The first is having the most capable and flexible autonomous robot platform on the market. Our technology leverages low-cost commodity hardware and best-in-class sensors and cameras which allows us to achieve high levels of autonomy, safety, and reliability.
The second strategy is the ability to extend our technology to be customizable and brandable. We allow our robots to be branded with our partner’s logo and messaging and want to make sure our partners own their end customer data.
The last strategy for success for us is building a broad distribution network and partner base. We are a technology provider to existing delivery services versus trying to build a new, robot-only delivery service. We offer robots as a monthly subscription. Securing partnerships with a few big players in the space, such as Grubhub, Magna, and Mitsubishi, allows us to tap into their distribution pools in exchange for our technology.
O: Are there particular markets that you see as being most receptive to robotic delivery?
CB: Naturally, restaurant aggregators, such as Grubhub, Uber, DoorDash, and Postmates, were the first to pilot robots as new delivery mechanisms.
We have noticed universities, quick service restaurants, grocery retailers, and ghost kitchens are the primary segments that take advantage of autonomous delivery robots and the infrastructure restaurant aggregators have built. They use robots to streamline curbside pick-up, local delivery, and internal shuttling operations and reduce labor cost. Malls and hotels are catching up with the trend.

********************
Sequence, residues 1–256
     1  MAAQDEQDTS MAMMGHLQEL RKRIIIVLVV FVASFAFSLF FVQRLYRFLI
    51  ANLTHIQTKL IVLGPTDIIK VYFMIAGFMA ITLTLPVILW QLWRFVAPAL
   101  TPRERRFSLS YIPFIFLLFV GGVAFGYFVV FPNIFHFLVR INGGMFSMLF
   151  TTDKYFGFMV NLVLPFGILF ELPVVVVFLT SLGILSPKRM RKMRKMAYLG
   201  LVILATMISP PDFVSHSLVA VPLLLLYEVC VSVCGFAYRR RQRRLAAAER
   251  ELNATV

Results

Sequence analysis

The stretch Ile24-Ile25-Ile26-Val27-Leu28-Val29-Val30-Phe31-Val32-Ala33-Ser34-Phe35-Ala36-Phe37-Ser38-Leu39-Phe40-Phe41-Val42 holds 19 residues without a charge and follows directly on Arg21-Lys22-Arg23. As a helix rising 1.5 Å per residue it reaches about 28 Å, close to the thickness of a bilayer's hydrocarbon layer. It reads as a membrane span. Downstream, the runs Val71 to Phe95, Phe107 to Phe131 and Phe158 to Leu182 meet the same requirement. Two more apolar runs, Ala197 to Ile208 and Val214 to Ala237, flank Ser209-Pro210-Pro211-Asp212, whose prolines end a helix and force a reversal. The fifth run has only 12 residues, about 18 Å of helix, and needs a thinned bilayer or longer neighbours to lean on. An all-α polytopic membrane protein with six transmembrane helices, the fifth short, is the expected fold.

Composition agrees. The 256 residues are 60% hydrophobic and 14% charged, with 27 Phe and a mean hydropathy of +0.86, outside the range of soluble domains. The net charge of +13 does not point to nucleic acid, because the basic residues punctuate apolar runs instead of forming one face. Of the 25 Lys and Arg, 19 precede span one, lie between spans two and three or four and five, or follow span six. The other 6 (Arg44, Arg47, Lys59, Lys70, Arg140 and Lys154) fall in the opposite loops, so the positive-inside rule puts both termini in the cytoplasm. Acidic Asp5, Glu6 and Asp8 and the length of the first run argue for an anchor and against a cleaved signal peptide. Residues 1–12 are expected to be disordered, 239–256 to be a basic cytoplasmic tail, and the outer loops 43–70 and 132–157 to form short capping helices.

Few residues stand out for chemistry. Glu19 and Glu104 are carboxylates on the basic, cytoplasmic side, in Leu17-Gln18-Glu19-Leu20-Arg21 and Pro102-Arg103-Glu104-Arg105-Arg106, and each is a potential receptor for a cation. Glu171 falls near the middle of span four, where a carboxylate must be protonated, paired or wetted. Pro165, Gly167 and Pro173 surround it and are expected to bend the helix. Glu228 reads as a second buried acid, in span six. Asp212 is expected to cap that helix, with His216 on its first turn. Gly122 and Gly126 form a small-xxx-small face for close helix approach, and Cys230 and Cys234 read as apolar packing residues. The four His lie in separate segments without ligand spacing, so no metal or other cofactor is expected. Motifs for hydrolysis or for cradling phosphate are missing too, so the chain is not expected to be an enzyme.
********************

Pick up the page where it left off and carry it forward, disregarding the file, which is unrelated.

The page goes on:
Manufacturers, e-commerce companies, and delivery carriers adopt robots for micro-fulfillment operations which allows them to optimize manual processes and save their staff time.
O: Are there any use cases, beyond prepared food, that you see as particularly adapted to robotic delivery?
CB: We have found several use cases for delivery robots operations, and much more to be discovered and tested.
For example, robots can be used for micro-fulfillment in factories and warehouses to shuttle boxes, instruments, and materials between aisles and halls.
Secondly, robots are useful for short-distance shuttling in instances such as:
Food/medical supplies at elderly care facilities
Small package delivery in corporate campuses, offices
Linens at hotels/resorts, hospitals
Food prep items at stadiums, hospitals, hotels
Hauling of trash at various types of locations
Catering for events
Robots can be transformed into vending machines to deliver consumer goods for sale across large designated areas, such as outdoor event venues, conferences, and stadiums.
Last-mile package delivery is not a new concept. A few e-commerce and shipping giants have been developing and testing their own delivery robots, but they haven’t become widely adopted yet. For example, DPD, Europe’s largest parcel carrier, is piloting Cartken robots for last-mile delivery in the UK, and locals receive it quite well.
Lastly, as the technology becomes more mainstream, we predict that consumers will leverage robots to deliver items peer-to-peer (P2P). For example, you can deliver a home tool set to your friend’s house when he/she needs it.
O: How do you feel about the regulatory environment for PDDs? Are you seeing consistent policy frameworks across markets, or is it still a bit of a “wild west” that needs to be made orderly?